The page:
In a squat building just beyond the line of check-in counters at Auckland Airport's international terminal is ''its real-time brain''.

The Operations Centre has four shifts of around nine staff who watch a bank of screens to monitor movements of 20 million passengers a year around every corner of the airport.

They have visibility over nearly every part of the airport, monitoring it with 1000 CCTV cameras.

And in the nerve centre they see almost everything.

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Asked whether emotional airport farewells or reunions develop into something more passionate very often, landside operations supervisor Ebrahim Cassim is discreet but says it happens ''quite a lot'', especially in cars.

Sometimes the airport's security team is dispatched to intervene and they follow a strict set of protocols - which he's not prepared to share.

While that's part of the job, most callouts for security or airport trouble shooters in terminals are for medical events and unattended parcels or baggage.

There can be up to 20 unattended items a day, a time consuming task to monitor and ensure they aren't a threat.

There are around 10 to 15 medical events a day. The centre also works with aircraft carrying sick passengers to assess what sort of medical staff will be needed when the plane lands.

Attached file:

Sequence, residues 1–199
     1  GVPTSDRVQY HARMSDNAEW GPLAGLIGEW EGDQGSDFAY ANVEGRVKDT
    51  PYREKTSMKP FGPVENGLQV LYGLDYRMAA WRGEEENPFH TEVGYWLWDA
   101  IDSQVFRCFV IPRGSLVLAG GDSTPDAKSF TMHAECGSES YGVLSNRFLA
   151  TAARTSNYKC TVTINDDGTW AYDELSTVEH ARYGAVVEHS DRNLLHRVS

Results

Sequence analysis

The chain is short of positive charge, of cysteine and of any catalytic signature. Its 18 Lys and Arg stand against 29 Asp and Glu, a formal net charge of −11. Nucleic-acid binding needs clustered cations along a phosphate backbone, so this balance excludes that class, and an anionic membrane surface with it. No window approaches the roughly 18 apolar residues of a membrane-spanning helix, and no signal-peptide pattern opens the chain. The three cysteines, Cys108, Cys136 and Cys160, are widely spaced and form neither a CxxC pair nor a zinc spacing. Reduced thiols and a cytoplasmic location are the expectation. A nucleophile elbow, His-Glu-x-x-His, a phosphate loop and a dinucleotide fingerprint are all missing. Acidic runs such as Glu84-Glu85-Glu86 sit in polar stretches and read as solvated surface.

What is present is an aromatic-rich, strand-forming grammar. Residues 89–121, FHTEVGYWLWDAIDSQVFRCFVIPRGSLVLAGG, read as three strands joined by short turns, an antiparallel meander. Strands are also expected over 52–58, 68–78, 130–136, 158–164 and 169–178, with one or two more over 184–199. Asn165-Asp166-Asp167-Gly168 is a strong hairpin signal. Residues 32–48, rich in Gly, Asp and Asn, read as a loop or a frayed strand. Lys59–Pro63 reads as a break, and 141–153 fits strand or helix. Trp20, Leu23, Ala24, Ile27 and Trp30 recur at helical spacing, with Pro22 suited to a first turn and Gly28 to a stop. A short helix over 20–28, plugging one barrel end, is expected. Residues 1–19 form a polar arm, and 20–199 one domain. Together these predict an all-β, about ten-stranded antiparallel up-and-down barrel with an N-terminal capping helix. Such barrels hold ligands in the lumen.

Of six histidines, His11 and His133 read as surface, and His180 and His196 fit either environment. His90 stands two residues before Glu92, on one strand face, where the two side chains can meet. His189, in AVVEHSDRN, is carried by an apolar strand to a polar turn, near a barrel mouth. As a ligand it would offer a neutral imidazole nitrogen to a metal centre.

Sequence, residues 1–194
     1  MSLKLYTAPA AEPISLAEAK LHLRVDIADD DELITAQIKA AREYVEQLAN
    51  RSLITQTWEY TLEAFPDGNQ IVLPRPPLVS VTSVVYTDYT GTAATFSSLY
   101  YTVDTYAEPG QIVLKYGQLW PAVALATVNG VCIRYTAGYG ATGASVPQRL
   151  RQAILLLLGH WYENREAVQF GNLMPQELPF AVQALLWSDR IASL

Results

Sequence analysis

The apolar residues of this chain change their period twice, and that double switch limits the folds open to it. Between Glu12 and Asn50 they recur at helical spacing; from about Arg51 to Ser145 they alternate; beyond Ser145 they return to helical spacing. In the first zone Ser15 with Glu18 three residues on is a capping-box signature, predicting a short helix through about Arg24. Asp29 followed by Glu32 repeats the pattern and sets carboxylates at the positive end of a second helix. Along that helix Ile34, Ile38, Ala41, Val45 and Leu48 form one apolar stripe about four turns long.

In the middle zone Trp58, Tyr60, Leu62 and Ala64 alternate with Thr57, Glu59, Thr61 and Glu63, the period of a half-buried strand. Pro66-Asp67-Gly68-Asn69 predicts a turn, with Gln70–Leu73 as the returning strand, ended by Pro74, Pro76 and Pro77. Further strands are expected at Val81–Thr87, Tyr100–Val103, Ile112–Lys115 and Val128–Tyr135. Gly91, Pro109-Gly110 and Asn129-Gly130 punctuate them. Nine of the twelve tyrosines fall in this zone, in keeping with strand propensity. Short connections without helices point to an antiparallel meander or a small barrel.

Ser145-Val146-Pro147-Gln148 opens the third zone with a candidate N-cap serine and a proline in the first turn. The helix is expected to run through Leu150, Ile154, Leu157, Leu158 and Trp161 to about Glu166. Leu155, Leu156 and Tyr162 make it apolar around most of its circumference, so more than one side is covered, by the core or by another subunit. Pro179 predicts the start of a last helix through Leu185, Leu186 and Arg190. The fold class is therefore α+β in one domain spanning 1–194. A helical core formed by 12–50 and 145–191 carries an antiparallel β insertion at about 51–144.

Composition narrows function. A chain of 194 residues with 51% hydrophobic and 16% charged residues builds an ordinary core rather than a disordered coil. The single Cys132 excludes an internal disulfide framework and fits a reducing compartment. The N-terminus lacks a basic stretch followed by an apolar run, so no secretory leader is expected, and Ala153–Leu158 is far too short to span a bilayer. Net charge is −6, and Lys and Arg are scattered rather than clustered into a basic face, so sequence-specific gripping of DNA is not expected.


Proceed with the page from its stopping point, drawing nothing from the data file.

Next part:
It's possible to track any single passenger's movements through the airport with the cameras and sometimes do as part of police or border agencies' operations.

Recordings are typically kept for 30 days.

Facial recognition to help speed passengers' progress through the airport is used overseas and is being considered for use at Auckland.

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The control room is next to the emergency operations centre with a large screen and boardroom table and that facility comes to life in cases such as a serious security breach earlier this month when a passenger tried to avoid screening to retrieve a cellphone.

There are levels of aircraft emergency, from a local standby where other emergency services are notified through to a full emergency that triggers a full turnout of the airport's fire rescue fleet.

Pilots have the final say over what level of emergency is declared.